A professor stood and was rec-
ognized. A young man with an
astect of almost boyish innocence
spoke softly and the group went
dead silent.
As John Kolars spoke his voice
trembled and tears stood in his
eyes. "I will teach my class" he
said. "I love that class and I will
teach it."
He went on-to describe his feel-
ings toward the strike and the is-
sues that faced the University. He
characterized himself as a liberal:
"Not really a radical, but a lib-
eral." He said he does not be-
lieve the University is a racist inl
stitution',- he said he would have
to resign if he believed that was
true. But he also described him-
self as deeply committed to ach-
ieving the ends of BAM.
He is also deeply committed to
negotiation and non-violence as
means of social change. There-
fore he feels he cannot condone
or support coercion in any form-
he feels he cannot support the
strike. Kolars showed himself
to be torn;by this dilemma - the
desire to support the demands of
the University's black and an in-
ability to support their tactics.
And he is achingly distressed by
what the present controversy is
doing to his world.
He has come to dread going to
his classes - each day wondering
what new assault will be mounted
against his continued teaching. "I
think I lhave something important
to say in that class" he said, and
went on to repeat as he did many

times what becomes almost a plea
"I will teach my class."
To demonstrate his dilemma
and his distress over the -ondi-
tion of the University Prof. Kolars
announced to the meeting that
from that time until the resolu-
tion of the conflict he will match
his time in the classroom with
time standing in silent vigil in
front of the Administration Bldg.
For each hour he spends teaching
he will spend another in protest.
He will be protesting intransigence
both on the part of students and
on the par tof the administration.
OTHER FACULTY members at
the meeting were not so commit-
ted to the BAM goals. Many were
opposed to the use of the strike
and, all appeared to be in opposi-
tion to the peripheral disruptive
tactics and "violence" which have
marked several days of the strike.
Many believed that the adminis-
tration and the Regents had tak-
en sincere and appropriate ac-
tion in responding to the demands
of BAM. S o m e of the faculty
members there were striking their
classes but most were not except
those who did so under duress.
But within this wide range of
views Prof. Kolars' comments
struck ap important common
note. The faculty in general seems
profoundly,. concerned by the use
of what they consider coercive or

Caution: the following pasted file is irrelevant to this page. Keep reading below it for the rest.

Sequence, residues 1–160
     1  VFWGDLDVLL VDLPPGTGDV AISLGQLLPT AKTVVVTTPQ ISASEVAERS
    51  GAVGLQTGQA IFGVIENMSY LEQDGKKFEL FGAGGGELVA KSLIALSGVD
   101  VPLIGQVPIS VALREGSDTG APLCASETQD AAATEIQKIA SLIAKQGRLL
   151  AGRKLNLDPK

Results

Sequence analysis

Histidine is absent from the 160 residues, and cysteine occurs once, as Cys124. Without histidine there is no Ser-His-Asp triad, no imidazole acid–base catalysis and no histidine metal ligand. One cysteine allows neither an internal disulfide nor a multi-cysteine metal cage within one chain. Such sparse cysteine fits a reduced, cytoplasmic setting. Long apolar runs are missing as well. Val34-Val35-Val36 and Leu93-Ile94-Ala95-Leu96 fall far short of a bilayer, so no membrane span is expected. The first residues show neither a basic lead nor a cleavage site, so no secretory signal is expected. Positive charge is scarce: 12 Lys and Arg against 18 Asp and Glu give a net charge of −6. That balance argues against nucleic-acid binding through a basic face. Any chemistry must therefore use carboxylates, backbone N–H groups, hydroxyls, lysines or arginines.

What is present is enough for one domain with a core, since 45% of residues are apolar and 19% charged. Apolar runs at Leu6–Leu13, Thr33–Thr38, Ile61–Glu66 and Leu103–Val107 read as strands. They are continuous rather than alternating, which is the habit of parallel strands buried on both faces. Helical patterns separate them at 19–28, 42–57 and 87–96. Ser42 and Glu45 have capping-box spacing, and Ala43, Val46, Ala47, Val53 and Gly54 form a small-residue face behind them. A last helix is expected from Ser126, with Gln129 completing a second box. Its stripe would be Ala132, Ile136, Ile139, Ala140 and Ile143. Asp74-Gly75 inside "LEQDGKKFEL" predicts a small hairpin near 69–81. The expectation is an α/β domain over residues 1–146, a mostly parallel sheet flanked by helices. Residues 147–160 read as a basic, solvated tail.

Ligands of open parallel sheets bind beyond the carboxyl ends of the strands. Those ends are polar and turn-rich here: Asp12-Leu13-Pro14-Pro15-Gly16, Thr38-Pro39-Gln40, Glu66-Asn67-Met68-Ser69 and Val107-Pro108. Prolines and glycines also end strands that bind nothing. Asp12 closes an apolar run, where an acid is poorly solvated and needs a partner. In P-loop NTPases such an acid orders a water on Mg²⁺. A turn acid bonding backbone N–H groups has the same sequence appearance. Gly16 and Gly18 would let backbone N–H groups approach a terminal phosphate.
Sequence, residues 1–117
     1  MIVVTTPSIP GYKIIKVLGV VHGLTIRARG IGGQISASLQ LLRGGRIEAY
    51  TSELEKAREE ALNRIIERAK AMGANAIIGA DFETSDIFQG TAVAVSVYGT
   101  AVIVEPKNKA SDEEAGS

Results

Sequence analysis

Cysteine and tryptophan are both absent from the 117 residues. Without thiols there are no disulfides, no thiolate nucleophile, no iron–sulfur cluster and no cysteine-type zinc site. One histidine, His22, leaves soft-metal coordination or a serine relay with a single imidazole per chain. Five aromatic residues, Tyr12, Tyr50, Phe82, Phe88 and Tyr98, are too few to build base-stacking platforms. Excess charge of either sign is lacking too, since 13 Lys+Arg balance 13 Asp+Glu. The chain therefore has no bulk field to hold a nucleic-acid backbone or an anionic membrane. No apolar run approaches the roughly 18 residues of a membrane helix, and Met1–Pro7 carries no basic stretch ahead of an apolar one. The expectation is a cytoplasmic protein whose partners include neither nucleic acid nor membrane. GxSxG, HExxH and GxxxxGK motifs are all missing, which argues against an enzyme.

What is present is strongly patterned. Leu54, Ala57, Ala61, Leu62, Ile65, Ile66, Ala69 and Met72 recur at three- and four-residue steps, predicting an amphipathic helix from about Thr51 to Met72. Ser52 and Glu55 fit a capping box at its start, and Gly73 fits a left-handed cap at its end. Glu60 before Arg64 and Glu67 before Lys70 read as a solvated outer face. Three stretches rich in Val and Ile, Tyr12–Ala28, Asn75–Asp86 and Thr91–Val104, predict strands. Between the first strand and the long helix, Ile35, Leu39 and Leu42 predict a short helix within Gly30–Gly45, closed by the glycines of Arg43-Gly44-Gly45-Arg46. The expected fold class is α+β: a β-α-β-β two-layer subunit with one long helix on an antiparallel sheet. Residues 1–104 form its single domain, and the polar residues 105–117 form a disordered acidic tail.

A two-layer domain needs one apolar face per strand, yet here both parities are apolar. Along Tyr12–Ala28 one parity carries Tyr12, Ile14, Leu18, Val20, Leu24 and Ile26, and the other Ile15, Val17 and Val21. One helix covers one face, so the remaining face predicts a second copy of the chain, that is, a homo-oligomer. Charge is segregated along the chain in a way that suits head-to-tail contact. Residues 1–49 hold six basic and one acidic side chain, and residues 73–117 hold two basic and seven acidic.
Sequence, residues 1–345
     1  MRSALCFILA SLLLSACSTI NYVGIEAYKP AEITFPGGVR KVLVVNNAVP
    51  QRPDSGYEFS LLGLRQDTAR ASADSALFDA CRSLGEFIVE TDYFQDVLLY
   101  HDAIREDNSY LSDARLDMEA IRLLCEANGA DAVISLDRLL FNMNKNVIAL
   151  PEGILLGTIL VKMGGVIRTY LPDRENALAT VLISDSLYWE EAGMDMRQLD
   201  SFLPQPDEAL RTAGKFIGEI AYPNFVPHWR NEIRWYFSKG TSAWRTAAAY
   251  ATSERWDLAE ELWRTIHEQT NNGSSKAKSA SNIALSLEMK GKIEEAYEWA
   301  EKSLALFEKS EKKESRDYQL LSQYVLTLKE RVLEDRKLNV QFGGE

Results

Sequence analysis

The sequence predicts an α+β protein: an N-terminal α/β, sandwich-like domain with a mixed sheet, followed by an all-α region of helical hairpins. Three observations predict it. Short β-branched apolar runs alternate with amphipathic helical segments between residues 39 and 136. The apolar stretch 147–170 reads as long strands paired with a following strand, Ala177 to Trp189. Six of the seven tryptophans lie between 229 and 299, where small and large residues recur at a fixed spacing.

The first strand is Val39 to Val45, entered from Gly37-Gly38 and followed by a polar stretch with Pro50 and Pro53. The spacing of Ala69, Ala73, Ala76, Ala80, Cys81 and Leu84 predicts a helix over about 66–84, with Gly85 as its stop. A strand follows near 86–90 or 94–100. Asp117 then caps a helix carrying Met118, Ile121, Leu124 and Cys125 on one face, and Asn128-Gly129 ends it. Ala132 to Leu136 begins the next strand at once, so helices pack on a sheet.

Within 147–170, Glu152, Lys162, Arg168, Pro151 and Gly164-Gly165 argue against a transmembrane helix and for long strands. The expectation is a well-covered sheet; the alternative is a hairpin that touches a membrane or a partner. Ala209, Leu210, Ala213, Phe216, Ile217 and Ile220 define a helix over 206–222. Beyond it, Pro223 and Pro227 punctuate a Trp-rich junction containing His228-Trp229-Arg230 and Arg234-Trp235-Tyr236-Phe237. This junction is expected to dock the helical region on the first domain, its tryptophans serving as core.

violent tactics. And, what seems
to be closely tied in their minds
to that concern, they are anxious
to return to, work. They want to
get back to teaching and research
- to return to the academic life.
Times Magazine an article by New
York University professor Irving
Kristol described modern univer-
sity faculty members as trying to
be the aggressive leaders of social
change. Kristol complains t h a t
faculties everywhere are trying to
foist off their own "collective in-
telligence" on an unwilling public.
He is highly critical of attempts
to unite faculty or administration
pressure to bring "benificent so-

cial consequences" calling s u c h
action "McCarthyism from t h e
left." He concludes h i s article
with a warning.,
"The collective responsibility
of the university is education.
That is its original mission, that
is its original purpose, that is
the only thing it can claim ex-
pertise or authority for. To re-
turn to' this original purpose,
with renewed seriousness, would
be an action at once radical and
Whatever the situation at oth-
er universities, the situation Kris-
tol condemns so vehemently is far
from the case here. Like Kolars,
and unlike the faculty members
Kristol describes, most of the fac-
ulty seem primarily concerned for
the continuation of the academic
life. They do not want to become
the arbiters of social morality.
FOR SOME, the reason for such
a concern seems to be a surfeit of
involvement with student politics
and related problems. Thus the
comment from much harried Prof.
Joseph Payne chairman of Sen-
ate Assembly, who said on the way
home after the. evening meeting
that he wished we could "get back
to a q u i e t University where I
could do my teaching a.n d re-
For others however, the desire
to restore 'the formal learning at-.
mosphere of the University is a
result of the present conflict. At
yesterday's LSA faculty meeting
many professors phrased their
suggested solutions in terms of
ending the strike - giving the
occasional vague impression that
bringing peace to the campus
weighed slightly heavier than
making sure a ten per cent en-
rollment of blacks was achieved.
Prof. Bernard Galler called upon
the college and the University to
take action against the disrupters
in order to "restore to normal"
the academic process.
And Gardner Ackley. former
chairman of the Council of Eco-
nomic Advisors and now a pro-,

fessor in the department of eco-
nomics, spoke in terms of the "de-
struction of the educational sys-
tem at Michigan." And he em-
phasized repeatedly the "desire of
the overwhelming majority of stu-
dents to learn and the desire of
the overwhelming majority of pro-
fessors to teach."
'OPPOSED TO the idea of edu-
cation in the minds of these and
other faculty members is the use
of coercive or disruptiv'e tactics.
'Nearly all the faculty members
who spoke both at the Senate
Assembly, meeting and at the LSA
faculty meeting refered to such
tactics under the general heading
of violence. They view with horror
the use of tactics which forcefully
disrupt their teaching. Such ac-
tion' does violence to their con-
ception of themselves as teachers
free to teach as they will. And, far
from Kristol's analysis, ithey see
the bringing of this political chal-
lenge to the academic sphere as
parallel to the reign of terror in-
flicted on the universities in the
fifties, by Senator Joseph Mc-
Carthy. Whenever faculty mem-
bers gather to discuss the present